36. Progress in youth development had been impeded by resource constraints, the voluntary nature of youth programmes, and moral permissiveness, but those obstacles were being tackled with a due sense of priority. His principles of discipline and self-reliance must be inculcated in youth during its years of greatest vulnerability and impressionability, and the Government and the community must join forces to deal with the formidable problems confronting contemporary youth.
37. Mr. CASUAL (Guinea-Bissau) said that the report of the Secretary-General on policies and programmes involving youth (A/43/601) was encouraging and demonstrated the benefits resulting from the proclamation of the International Youth Year. That initiative had undoubtedly contributed to a better understanding of the problems of youth and to modifying public opinion and national and international policies in that area. Hone the less, it must be recognized that serious constraints had been placed on follow-up activities to the International Youth Year owing to the financial problems of the United Nations and to the current international economic environment.
38. The view that youth was an active element in the development process seemed to be exerting a growing influence in the implementation of social policies at the national level. Partial credit for that development belonged to the United Nations, in particular the Centre for Social Development and Humanitarian Affairs, which had achieved encouraging results in its activities related to youth. In that connection, his delegation praised the Centre's efforts to enhance national capacities for devising comprehensive youth policies and programmes.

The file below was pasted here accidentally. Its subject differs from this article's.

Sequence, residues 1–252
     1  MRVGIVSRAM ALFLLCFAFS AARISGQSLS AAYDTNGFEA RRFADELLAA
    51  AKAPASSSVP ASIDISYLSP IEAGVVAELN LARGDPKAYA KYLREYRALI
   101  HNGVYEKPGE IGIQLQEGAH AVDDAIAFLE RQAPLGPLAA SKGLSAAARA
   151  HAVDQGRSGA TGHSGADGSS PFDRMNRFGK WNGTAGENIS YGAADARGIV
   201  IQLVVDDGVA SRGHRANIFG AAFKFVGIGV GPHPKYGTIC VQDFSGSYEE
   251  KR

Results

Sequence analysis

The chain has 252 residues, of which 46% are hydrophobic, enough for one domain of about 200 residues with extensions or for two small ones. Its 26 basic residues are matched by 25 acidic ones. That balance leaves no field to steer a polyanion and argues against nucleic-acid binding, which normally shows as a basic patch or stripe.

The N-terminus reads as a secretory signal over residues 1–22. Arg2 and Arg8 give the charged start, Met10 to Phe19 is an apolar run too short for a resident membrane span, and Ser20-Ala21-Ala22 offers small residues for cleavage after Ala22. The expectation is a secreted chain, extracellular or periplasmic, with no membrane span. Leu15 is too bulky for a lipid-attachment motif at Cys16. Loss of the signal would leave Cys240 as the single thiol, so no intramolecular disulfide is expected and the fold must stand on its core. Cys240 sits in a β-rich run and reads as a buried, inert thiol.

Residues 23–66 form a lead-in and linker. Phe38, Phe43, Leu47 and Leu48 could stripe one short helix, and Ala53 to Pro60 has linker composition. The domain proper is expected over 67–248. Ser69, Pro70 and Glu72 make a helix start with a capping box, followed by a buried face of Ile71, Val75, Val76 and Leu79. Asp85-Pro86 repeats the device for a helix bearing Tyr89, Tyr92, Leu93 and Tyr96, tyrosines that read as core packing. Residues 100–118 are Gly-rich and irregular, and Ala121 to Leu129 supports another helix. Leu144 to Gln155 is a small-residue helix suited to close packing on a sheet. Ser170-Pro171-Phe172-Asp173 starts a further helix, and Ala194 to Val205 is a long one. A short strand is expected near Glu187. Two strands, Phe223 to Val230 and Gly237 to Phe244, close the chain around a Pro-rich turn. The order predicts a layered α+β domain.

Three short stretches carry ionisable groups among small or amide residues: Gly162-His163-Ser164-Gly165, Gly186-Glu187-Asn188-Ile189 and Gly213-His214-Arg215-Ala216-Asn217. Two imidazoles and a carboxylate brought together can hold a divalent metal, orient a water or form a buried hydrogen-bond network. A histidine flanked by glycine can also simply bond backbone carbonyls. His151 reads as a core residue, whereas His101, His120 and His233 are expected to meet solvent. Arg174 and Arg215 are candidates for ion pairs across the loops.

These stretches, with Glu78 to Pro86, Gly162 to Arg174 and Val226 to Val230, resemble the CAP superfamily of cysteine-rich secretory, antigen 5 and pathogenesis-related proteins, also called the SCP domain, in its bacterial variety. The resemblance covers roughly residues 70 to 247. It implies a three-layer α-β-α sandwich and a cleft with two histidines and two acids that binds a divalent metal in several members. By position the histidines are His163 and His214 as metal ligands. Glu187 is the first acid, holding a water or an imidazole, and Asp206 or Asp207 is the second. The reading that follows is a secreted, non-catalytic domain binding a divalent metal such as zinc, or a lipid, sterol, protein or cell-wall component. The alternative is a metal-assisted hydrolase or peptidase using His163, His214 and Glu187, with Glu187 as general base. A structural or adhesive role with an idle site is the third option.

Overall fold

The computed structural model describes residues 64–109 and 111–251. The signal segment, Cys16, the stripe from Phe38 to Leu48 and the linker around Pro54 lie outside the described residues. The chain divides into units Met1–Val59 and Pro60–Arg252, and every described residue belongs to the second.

39. His delegation considered the integration of youth in national planning efforts to be a priority. There were numerous obstacles to the implementation of that task, however, as the Secretary-General's report showed. Furthermore, the
(Mr. Cabral, Guines-Blasau)
Constraints imposed on the United Nations system in developing technical co-operation activities in the field of youth prevented the Organization from providing appropriate assistance to eliminate such obstacles.
40. The suggestions in the report concerning a broadening of the framework of activities in the field of youth at all levels seemed to offer a viable basis for action by Governments, national co-ordinating bodies, non-governmental organization and the various agencies of the United Nations systems. In addition, the activities of the Centre for Social Development and Humanitarian Affairs in coming year would supplement and reinforce efforts to strengthen co-operation between Governments, non-governmental organizations and the United Nations system and increase communication between the latter and youth and youth organizations. His delegation supported the idea of including the Youth Fund among the activities included in the annual Pledging Conference.
41. It was difficult to imagine a future of peace and well-being without the adequate integration of youth in all areas of economic and social life and without its participation in the decision-making process. At issue was the capacity of Governments to develop educational policies and teaching programmes capable of promoting such a trend based, in particular, on a greater correspondence between education and the real demands of socio-economic development and on enhancing youth's awareness of its place in society and its various responsibilities.
42. The issue of youth was a delicate and complex one requiring an interdisciplinary approach on the part of both the United Nations system and individual Governments. Such an approach must take into account the fact that there were significant differences in the problem of youth both between and within different societies. Those differences required different approaches and solutions. That was the lesson learned from the activities of Jaunesse Africana Amiiear Cabral. His country's national youth organization. That organization had also demonstrated the usefulness of activities promoting contacts between rural and urban youth through, inter alia, regional and national conferences. The result had been a better understanding of such problems as the exodus of youth to the cities, unemployment, housing problems, and lack or proper training and rational utilization of human resources. That, In turn, had led to increasing Government attention to those problems and more rational identification of measures to solve them.